Why not use this awareness more to your advantage? I feel like with some consistency in marketing, you could leverage that recognition even further. But, until then, I’ll just be confused as to how a lizard, a caveman, squirrels, Joan Rivers, cash with a piercing stare, a baseball coach, a man on a beach with his motorcycle, and a bodyguard are a part of a cohesive ad campaign.

Here’s a list of links to some of the spots I mentioned. I figured links instead of embedding videos, to cut down on loading time.

Lizard – “Free Pie and Chips”

All Caveman Commercials


Joan Rivers Celebrity Testimonial

Googly-Eyed Cash

Motorcycle on the Beach

Female Bodybuilder

Secret Agent

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Daily Show Realizes Twitter’s Awesomeness

Been meaning to get this posted after seeing it a while back. Some of you may have already seen it, but I think it’s worth sharing. It’s hilarious. If you don’t think so, you’re too tightly wound. It’s The Daily Show‘s take on the Twitter phenomenon. 

LINK TO VIDEO (couldn’t get the video to embed on WordPress for some reason)

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New Media 101

Here’s the link to my presentation from the Nevada Interactive Media Summit today. Thanks for all of you who attended – please let me know how you liked it. I hope you learned a lot.

New Media 101

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More Advertising, Please

I am SO sick of companies thinking that if they give you a taste of content that they’re entitled to blast you with tons of worthless, one-way advertising. Disgusting.

A few times a week, I have to endure receiving the “Neighborhoods” version of the Reno Gazette-Journal in the mail. There are a lot of problems with this publication, despite it not delivering on its promise of news in my area of town. This publication is nothing more than a shell for advertising. In this latest issue, it contained 3 pages of content/articles (and 2 of those three pages contained some advertising), and 214 pages of advertising. I’ll repeat those stats – 3 pages of articles, 214 pages of advertising!!! That’s almost 99% advertising. I know, you’re wondering how the hell that’s possible. I must have my numbers wrong. Nope – I counted three times (I’m careful, plus I often waste my time if I can make a point).

RGJ Neighborhoods

RGJ Neighborhoods

99% Ads

99% Ads

Of the flood of ads I received in my newspaper, how many were relevant to me? Who knows? I don’t. I typically throw this whole package away because I know that I am not getting any relevant content in that publication. Advertisers – you are wasting your money! 

It’s no surprise to see that consumers are growing increasingly weary of this kind of “interruption advertising” and turn to communication channels in which they can better control the interaction. Yes, I’m talking about everybody’s favorite hot topic – social media. Sadly, advertisers are already in full stride toward the gold rush that is social media, and treating it the same way they’ve abused mass media. This parasitic behavior makes me ill and angry all at once. Some advertisers are  slithering their way into the established communities in different social media channels, and treating it like their own “Neighborhoods.” Are they giving members of their communities valuable content, meaningful conversation or a symbiotic relationship? Nope. They treat it as a new place to put their ads (and advertisements take many forms). I am warning advertisers again, that you should treat social media like this only if you want to fail.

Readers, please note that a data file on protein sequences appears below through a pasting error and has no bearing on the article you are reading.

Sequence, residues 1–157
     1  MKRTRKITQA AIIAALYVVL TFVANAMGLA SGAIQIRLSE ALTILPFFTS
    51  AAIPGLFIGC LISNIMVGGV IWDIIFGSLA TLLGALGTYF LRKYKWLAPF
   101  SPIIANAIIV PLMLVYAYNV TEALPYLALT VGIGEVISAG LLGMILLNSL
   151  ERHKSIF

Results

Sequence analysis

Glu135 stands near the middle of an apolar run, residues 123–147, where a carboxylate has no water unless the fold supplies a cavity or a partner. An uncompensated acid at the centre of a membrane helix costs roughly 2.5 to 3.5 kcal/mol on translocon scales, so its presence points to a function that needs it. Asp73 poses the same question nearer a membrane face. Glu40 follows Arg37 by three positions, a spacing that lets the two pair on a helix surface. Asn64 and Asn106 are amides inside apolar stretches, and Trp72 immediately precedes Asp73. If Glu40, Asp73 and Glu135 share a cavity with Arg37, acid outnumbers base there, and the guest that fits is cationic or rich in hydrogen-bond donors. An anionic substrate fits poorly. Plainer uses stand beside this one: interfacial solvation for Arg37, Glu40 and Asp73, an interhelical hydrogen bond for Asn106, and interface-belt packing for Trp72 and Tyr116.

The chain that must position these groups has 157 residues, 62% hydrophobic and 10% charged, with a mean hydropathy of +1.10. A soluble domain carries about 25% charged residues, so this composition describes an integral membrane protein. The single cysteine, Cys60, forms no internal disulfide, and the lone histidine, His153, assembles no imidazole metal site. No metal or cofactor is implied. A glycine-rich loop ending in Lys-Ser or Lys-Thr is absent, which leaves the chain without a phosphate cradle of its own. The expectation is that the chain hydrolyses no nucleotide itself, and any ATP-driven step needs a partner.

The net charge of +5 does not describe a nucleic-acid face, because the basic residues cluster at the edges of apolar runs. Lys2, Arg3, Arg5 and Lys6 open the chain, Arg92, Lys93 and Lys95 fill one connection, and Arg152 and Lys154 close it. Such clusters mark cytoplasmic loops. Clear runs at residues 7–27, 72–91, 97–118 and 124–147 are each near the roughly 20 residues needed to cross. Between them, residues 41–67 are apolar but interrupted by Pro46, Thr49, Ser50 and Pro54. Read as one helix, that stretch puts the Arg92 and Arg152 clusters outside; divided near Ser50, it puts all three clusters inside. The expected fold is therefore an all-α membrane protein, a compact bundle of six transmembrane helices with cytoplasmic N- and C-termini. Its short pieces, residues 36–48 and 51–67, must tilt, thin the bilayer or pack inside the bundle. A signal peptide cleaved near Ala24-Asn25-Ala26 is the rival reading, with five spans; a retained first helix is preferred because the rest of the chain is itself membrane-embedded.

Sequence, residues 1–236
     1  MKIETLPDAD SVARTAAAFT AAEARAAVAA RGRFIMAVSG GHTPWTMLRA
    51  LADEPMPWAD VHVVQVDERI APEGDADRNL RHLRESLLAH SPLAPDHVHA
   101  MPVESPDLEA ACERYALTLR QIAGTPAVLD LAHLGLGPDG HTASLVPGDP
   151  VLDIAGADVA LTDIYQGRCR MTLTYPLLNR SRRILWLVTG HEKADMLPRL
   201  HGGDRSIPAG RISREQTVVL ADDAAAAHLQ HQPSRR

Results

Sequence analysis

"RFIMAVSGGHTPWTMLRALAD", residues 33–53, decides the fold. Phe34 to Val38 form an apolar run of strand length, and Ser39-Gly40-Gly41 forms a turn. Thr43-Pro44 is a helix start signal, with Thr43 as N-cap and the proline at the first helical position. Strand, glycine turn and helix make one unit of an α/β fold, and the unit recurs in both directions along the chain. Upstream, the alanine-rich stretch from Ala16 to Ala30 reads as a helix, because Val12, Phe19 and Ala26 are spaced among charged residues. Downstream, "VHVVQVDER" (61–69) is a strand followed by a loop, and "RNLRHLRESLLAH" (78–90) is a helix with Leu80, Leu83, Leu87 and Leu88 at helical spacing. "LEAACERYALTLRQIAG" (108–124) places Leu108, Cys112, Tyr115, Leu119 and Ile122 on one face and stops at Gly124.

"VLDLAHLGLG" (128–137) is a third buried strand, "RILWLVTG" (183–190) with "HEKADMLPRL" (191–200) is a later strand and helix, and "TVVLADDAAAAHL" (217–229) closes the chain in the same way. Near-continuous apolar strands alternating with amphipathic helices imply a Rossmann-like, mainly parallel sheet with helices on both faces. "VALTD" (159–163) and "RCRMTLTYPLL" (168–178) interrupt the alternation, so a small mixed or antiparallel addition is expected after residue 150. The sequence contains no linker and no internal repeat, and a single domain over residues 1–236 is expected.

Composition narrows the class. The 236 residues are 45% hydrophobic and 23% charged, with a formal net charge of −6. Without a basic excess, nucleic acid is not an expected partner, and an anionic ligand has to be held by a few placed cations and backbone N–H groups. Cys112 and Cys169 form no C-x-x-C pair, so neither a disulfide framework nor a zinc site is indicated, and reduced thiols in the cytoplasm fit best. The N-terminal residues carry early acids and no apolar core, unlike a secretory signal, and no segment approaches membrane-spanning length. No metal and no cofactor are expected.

You think you’re participating in social media? Re-examine that notion – because if you’re not “playing by the new rules,” you will fail. Have you created a blog and are simply posting your press releases there? Fail. Maybe you created a Facebook page – but is there any community interaction other than you blasting out promotional messages? Fail. Maybe you have a Twitter account so that you can syndicate your blog entries of your press releases. Fail. Are your YouTube videos nothing more than advertisements (be honest)? Fail. I encourage diversification of your presence in social media – but you have to think differently in this arena. It’s not another advertising platform. It’s a community-based form of communication. If I invited you over to my house for dinner, and all you talked about was how Cinnamon Toast Crunch was $2.95, or that your new pickup truck had 250 horsepower or some other way I should come spend money with you… I would never invite you over ever again. Please understand the analogy here.

So – anybody who is putting out content – be it in publications or in social media – evaluate your communications. How much of it is promotional? Don’t let it be 99%. Not even close.